Brooklyn-based singer-songwriter Zachary Cale co-runs All Hands Electric, an artists’ collective and record label set up with friends in 2008. He plays guitar and sings with local indie band Illuminations who produce a tumultuous REM/Big Star-like sound, and his musical CV also boasts a number of interesting side-projects. Cale has developed this support for local artists alongside his own career, with work set firmly in the new-folk genre with both traditional and modern influences. His most recent album Noise Of Welcome was released earlier this year, the follow-up to 2008′s Walking Papers which invited comparisons with artists like Leonard Cohen and Bob Dylan. In this one Cale has broadened his overall sound, bringing in a band of assembled musicians, but the songs are still set to beautifully delicate guitar phrasing and open-tuning harmonics characteristic of folk guitar heroes like John Fahey and Bert Jansch: making Zachary Cale a modern-day troubadour.
Noise Of Welcome is full of shimmering folk-pop produced with his Illuminations bandmates Ryan Johnson on drums and Phil Glauberzon on keyboards and extra guitars, but guests also include noted musicians like Chris Brokaw, Charles Speer and Anni Rossi, all helping to create a breadth of music which reflects the songwriter’s abilities. The themes of love and loss explored in Cale’s earlier work are still here, but the vocals and music are warmer and the singer sounds more confident on uptempo numbers like ‘Day For Night’: like classic Dylan ‘Tangled Up In Blue’ or songs of that era, light and summery. The painfully honest reflection of tracks like ‘Hello Oblivion’ are slightly cushioned by its dreampop musical backing, while the lyrical themes found on ‘We Had Our Day In The Sun’ see the singer trying to move on from the past rather than getting stuck in it. Even Cale’s reedy Dylan-like vocals are more light-hearted, coming across in places more like Steve Harley or an early Marc Bolan.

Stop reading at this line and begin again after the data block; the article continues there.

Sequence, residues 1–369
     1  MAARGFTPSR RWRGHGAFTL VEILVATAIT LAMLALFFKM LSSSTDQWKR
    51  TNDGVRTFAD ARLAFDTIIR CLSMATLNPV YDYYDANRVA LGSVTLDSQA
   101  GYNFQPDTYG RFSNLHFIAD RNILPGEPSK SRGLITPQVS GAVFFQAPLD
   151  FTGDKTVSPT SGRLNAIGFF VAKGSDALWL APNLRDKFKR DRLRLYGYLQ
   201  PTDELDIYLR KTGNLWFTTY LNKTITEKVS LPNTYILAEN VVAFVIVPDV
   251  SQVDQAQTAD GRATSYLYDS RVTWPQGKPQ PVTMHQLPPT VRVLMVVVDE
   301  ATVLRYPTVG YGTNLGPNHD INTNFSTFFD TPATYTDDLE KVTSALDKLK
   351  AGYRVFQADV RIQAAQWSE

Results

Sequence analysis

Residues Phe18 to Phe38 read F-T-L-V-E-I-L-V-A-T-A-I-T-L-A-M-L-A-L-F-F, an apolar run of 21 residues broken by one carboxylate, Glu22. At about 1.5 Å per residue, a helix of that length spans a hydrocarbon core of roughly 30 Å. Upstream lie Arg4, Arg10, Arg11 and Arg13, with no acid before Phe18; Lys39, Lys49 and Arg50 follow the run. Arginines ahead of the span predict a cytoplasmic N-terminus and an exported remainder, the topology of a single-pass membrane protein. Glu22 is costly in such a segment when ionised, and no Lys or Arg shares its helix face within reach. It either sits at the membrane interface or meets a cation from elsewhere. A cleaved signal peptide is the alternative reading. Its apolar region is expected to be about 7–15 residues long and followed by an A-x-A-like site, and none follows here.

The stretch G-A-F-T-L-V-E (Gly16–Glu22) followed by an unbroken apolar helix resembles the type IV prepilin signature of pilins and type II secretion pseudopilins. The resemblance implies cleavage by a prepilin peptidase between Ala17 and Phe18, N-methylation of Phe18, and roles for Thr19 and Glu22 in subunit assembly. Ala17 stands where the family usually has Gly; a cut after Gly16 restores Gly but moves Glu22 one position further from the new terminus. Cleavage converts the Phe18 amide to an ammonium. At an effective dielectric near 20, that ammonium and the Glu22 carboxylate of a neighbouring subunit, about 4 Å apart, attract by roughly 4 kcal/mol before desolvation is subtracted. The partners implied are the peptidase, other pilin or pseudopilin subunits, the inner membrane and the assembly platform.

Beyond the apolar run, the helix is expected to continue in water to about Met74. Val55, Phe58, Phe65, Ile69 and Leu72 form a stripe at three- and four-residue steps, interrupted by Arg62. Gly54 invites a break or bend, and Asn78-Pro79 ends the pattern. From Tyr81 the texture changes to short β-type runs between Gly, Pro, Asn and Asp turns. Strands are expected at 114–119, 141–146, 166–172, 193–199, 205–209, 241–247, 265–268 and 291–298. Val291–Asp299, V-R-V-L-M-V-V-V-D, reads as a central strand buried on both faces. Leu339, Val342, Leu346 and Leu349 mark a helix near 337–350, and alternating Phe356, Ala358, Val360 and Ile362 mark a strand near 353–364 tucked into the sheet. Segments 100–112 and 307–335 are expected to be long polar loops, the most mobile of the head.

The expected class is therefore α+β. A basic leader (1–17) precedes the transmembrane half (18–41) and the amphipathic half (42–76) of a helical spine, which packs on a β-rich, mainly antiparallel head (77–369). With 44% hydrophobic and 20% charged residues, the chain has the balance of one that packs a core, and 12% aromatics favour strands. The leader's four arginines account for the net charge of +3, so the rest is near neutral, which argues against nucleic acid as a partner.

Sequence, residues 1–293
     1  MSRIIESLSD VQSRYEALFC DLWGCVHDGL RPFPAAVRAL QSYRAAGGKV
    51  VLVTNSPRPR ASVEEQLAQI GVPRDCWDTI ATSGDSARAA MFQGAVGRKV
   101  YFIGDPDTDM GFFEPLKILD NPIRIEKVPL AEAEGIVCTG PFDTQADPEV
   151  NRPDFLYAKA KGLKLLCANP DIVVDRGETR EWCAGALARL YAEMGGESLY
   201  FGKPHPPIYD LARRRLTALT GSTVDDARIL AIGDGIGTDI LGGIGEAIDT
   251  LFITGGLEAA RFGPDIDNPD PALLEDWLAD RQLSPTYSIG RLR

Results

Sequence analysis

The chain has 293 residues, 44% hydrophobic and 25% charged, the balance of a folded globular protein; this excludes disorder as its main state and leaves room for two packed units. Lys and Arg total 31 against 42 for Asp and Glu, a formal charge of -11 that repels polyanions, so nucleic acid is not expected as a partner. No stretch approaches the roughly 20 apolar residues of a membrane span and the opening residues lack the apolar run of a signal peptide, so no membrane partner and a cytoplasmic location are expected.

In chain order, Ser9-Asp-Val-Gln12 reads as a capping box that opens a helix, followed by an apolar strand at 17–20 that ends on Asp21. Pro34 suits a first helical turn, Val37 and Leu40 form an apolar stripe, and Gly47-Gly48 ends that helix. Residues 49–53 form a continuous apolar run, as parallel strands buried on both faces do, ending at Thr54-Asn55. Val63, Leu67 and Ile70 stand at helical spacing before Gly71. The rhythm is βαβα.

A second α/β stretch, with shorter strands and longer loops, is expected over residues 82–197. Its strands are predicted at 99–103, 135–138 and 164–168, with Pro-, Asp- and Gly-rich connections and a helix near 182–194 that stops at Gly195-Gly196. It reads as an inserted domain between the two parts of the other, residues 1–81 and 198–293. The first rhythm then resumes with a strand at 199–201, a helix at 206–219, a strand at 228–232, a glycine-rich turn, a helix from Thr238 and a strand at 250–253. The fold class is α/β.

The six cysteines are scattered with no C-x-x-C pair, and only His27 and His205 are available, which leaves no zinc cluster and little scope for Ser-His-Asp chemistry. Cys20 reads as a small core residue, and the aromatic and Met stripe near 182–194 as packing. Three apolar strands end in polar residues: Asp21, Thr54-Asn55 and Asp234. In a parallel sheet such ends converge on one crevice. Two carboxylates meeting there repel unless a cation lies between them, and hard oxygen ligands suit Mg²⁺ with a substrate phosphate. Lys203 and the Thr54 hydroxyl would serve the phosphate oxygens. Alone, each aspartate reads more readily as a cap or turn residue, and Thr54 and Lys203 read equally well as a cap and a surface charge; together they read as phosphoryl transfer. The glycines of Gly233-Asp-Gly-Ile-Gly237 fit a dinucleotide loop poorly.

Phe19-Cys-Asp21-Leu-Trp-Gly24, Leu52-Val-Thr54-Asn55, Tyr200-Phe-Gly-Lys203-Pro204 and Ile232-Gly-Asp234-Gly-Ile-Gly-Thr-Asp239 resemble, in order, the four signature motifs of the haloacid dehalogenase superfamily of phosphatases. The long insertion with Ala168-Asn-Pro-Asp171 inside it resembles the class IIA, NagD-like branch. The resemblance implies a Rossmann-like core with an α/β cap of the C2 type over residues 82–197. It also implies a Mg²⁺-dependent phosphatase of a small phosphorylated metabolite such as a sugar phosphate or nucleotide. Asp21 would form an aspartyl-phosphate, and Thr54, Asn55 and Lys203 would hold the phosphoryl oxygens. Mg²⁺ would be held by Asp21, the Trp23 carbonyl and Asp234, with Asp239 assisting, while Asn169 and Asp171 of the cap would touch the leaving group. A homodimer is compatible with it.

The album is sprinkled with some nice instrumental vignettes. The field recordings and Peter Green-’Albatros’-like guitar atmospherics of the Fahey-esque ‘Nocturne In G Minor’ are set against his characteristic acoustic finger picking. The song – the album’s centrepiece – has a film soundtrack-like quality to it. Additionally, ‘Dancing Devil Rag’ is a neat little ragtime interlude, like Bert Jansch’s ‘Angie’ but set in a slower dream-like ambience. Although there’s no album filler on Noise Of Welcome, ‘Morning Glory Kid’, ‘Easy Route’ and ‘All To Order’ take a more standard alt. country route giving the band a chance to stretch their legs musically and show where Cale is heading with his live sound. There are shades of the classic ’80s Lloyd Cole And The Commotions album ‘Rattlesnakes’, or Byrds-like chiming guitars matched with Cale’s Tom Petty-like voice, all revealing a range and versatility which demands a lot from both listener and players alike. The album closes with ‘War Love’, with strings and a big chorus at the climax of the album.
So Cale has steadily worked the light back into his music on Noise Of Welcome, the stark beauty of his earlier work succeeded by a set of shimmering songs delivered by a band but still set to poetry like Dylan or Cohen. It’s ambitious, the way great music has to be, and Cale comes out of it as both accomplished soloist and band leader.